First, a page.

On the national map of the population over the age of 65, high levels are seen in counties with large numbers of retirees (parts of Arizona and much of Florida) and in those with declining populations marked by the out-migration of the young. Low levels or elderly people are found in counties with high birth rates and low longevity figures, and in those that attract large numbers of workers. Western counties with many farm workers, such as those in California’s San Joaquin Valley, have low proportions of residents over the retirement age. In Montana, the richest county (Gallatin) has a relatively low number of elderly residents, as do the state’s poor Native American counties. Why Prairie County in the east would have such a large percentage of elderly residents is a mystery. In 2010, its median age was 53.6. If more than 60 percent of its population was really more than 65 years-of-age in 2017, as the map indicates, there must have been some major changes in the intervening period.

 

 

 

The national map of the population under age 18 is in large part a reflection of birth rates. Here the LDS (Mormon) region of Utah and eastern Idaho stand out, as do many areas with large Hispanic populations. In Montana, counties with Native American reservations have high percentages of residents below 18 years-of-age. Western counties that attract retirees or young adult job- and amenity-seekers have relatively few children.

Demographic Patterns in Montana (and the Rest of the United States) Read More »

The Geography of Health and Longevity in Montana (and the Rest of the U.S.)

Maps of health and longevity show many of the same patterns seen on earlier maps posted in this GeoCurrents sequence. In the United States as a whole, several county-clusters of relatively low life expectancy stand out. The most prominent is in eastern Kentucky, southern West Virginia, and southern Ohio, an area mostly inhabited by Euro-Americans. Several areas demographically dominated by African Americans also post low longevity figures, including the southern Mississippi Valley and a few of the large cities that are visible on this county-level map, such as Baltimore and Saint Louis. Almost all counties with large Native American populations also have relatively low figures. Counties with Hispanic majorities, in contrast, generally have average or high levels of longevity, as is clearly visible in southern Texas. Although life expectancy tends to correlate with income, the correlation collapses in many of these areas. Hidalgo County, Texas is over 91 percent Hispanic and has a per capita income of only $12,130, making it “one of the poorest counties in the United States,” but it ranks in the highest longevity category on this map. In Camp County, in northeast Texas, the average life expectancy of white residents is only 74 years, whereas that of Hispanics is 92 years. In most Texas countries, Hispanics outlive whites. Presumably, diet and activity levels are major factors.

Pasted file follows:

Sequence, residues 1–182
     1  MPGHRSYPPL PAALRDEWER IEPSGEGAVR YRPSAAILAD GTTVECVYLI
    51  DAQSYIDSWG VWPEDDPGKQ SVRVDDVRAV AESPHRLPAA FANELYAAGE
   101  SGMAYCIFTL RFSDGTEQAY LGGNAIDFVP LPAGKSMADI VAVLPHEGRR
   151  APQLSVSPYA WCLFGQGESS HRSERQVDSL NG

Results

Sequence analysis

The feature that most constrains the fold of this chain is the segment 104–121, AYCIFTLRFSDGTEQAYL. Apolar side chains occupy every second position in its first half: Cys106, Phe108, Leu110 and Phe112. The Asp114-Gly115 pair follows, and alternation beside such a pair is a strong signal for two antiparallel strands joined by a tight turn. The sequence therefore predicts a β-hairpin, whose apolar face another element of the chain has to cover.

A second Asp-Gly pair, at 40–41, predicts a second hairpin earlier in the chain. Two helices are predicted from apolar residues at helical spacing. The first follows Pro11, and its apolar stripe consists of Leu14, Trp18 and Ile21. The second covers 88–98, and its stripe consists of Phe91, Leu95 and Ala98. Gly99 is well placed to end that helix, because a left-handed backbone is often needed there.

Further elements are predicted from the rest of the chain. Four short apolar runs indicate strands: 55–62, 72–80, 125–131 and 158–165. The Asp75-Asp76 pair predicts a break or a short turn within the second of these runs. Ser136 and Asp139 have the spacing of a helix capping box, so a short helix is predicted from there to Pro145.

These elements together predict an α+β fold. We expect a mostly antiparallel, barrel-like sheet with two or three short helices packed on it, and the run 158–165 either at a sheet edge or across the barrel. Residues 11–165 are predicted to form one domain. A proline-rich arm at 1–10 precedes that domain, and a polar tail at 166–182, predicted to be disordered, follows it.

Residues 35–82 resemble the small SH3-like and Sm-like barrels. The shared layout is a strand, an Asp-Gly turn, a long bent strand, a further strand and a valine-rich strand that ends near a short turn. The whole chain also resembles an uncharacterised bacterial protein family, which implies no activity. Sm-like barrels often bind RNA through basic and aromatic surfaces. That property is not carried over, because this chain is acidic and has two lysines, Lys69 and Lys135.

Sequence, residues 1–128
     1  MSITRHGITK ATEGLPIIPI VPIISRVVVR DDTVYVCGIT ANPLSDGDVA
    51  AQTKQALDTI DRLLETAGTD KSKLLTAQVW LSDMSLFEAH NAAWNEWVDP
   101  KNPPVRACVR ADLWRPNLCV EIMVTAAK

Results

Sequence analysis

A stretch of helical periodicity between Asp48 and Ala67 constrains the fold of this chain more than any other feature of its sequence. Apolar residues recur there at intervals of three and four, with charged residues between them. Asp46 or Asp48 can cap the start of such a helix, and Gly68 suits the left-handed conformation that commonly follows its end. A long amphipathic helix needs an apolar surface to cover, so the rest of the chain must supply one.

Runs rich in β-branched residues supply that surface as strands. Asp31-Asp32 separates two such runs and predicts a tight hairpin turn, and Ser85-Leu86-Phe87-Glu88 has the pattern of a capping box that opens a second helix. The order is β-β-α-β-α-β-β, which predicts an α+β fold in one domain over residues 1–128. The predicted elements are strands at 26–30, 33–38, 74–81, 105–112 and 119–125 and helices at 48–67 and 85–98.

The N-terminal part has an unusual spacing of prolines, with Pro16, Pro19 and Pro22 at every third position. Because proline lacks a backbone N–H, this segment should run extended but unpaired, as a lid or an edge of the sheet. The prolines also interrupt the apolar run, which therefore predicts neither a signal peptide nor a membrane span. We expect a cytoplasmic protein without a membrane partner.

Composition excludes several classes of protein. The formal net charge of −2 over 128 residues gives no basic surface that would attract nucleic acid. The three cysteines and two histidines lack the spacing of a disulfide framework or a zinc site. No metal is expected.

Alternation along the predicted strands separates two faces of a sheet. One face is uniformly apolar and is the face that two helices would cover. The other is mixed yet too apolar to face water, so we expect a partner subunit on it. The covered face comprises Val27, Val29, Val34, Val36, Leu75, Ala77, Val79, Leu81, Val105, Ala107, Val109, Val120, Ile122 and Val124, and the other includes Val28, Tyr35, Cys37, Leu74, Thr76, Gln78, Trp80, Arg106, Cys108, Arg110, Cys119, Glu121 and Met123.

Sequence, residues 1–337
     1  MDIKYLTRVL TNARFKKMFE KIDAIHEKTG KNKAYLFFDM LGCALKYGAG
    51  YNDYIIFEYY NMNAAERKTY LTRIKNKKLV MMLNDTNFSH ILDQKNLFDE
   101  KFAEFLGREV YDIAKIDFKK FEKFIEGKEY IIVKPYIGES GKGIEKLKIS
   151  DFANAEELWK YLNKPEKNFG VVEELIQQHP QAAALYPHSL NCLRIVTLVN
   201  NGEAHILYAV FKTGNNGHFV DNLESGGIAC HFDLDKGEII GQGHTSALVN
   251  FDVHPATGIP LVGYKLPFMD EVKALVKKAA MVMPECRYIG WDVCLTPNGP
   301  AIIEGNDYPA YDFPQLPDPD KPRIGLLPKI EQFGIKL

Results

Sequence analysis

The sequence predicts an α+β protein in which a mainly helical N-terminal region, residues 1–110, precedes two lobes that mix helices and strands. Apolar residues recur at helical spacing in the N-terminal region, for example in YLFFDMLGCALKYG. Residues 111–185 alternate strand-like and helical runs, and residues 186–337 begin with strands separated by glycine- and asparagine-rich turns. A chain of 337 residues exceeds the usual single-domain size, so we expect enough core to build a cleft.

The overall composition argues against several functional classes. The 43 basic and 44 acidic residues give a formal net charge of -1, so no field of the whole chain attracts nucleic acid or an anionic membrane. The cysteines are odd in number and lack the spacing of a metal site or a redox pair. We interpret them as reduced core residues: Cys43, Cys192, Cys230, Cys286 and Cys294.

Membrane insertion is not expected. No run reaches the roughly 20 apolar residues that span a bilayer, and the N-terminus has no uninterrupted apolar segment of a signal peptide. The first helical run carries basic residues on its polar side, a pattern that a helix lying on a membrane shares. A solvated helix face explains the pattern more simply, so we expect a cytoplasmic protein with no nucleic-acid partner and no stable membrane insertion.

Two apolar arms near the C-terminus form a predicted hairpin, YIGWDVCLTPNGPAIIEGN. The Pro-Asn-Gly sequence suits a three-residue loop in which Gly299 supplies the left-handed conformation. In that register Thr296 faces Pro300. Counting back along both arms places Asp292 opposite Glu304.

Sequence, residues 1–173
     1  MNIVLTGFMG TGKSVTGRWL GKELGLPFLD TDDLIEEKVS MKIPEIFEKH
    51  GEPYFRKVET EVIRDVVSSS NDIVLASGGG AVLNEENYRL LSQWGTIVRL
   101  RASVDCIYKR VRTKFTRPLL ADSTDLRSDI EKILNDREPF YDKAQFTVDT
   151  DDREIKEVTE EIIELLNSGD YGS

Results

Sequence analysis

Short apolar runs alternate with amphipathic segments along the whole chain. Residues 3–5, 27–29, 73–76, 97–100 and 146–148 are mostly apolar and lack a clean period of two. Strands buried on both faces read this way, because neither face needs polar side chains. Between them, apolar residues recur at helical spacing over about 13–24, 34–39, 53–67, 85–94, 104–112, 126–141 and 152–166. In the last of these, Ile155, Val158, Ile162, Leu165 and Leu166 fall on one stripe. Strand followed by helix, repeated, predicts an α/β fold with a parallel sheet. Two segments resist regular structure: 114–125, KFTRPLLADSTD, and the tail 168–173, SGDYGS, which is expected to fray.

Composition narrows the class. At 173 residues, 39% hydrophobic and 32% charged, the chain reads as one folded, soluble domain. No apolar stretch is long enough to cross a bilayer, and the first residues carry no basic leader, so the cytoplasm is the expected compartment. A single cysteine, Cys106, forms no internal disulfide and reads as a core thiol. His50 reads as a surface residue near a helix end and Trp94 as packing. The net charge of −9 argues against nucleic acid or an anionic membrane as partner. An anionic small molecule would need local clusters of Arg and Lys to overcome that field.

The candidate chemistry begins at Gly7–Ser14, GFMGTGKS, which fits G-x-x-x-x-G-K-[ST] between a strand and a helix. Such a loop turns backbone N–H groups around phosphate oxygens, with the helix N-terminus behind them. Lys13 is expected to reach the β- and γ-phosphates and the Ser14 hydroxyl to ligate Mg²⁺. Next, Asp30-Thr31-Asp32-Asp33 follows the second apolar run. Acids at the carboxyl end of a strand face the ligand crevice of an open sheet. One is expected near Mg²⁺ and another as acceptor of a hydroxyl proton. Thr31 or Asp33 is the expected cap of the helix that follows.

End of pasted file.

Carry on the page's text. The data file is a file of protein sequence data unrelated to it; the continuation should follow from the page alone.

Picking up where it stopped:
Life expectancy varies significantly across Montana, with some counties falling in the highest category and others in the lowest. In Montana, low figures are found in counties with large Native American populations and in the former mining and smelting counties of Silver Bow and Deer Lodge. The relatively wealthier counties of south-central Montana post high longevity figures.

The map of heart-disease deaths in the United States shows some stark geographically patterns. Rates are highest in the south-central part of the country but are also elevated across most of the eastern Midwest. Heart disease death rates tend to be lower in major metropolitan counties as well as in rural countries across much of the West and western Midwest. Many of the patterns seen on this map are difficult to interpret. Why, for example, would heart-disease death rates be much lower in western North Carolina than in eastern Tennessee? (Perhaps the obesity map, posted below, offers a partial explanation, although only by begging the question.) And why would some counties that are demographically dominated by Native Americans have very high rates whereas others, especially those in New Mexico and Arizona, have very low rates? In Montana heart disease tends to be elevated in Native American counties – and in Silver Bow (Butte). South-central Montana has low rates.

On the U.S. cancer death-rate map of 2014, high rates are clearly evident in areas demographically dominated by poor white people (central Appalachia) and poor Black people (the inland delta of the Mississippi in western Mississippi and eastern Arkansas). Low rates tend to be found in the Rocky Mountains, south Florida, and parts of the northern Great Plains. No clear patterns are evident in Montana. Gallatin and Liberty counties fall in the lowest category found in the state, yet have almost nothing in common. The small population of Liberty County, however, makes comparison difficult.

 

 

Finally, the patterns seen on the U.S. obesity map are similar to those seen on the preceding maps. The low rates found in the Rocky Mountains, extending from northern New Mexico to northwest Montana, are notable. The northern Great Plains have a higher obesity rate than might be expected based on other health indicators. Some odd juxtapositions are found on this map, with several neighboring counties of similar demographic characteristics posting very different figures. Why, for example, would Pecos County in West Texas have such higher rates than its neighbors? In Montana, it is not surprising that Gallatin County, with its youthful, outdoor focused population, has the lowest obesity rate.

The Geography of Health and Longevity in Montana (and the Rest of the U.S.) Read More »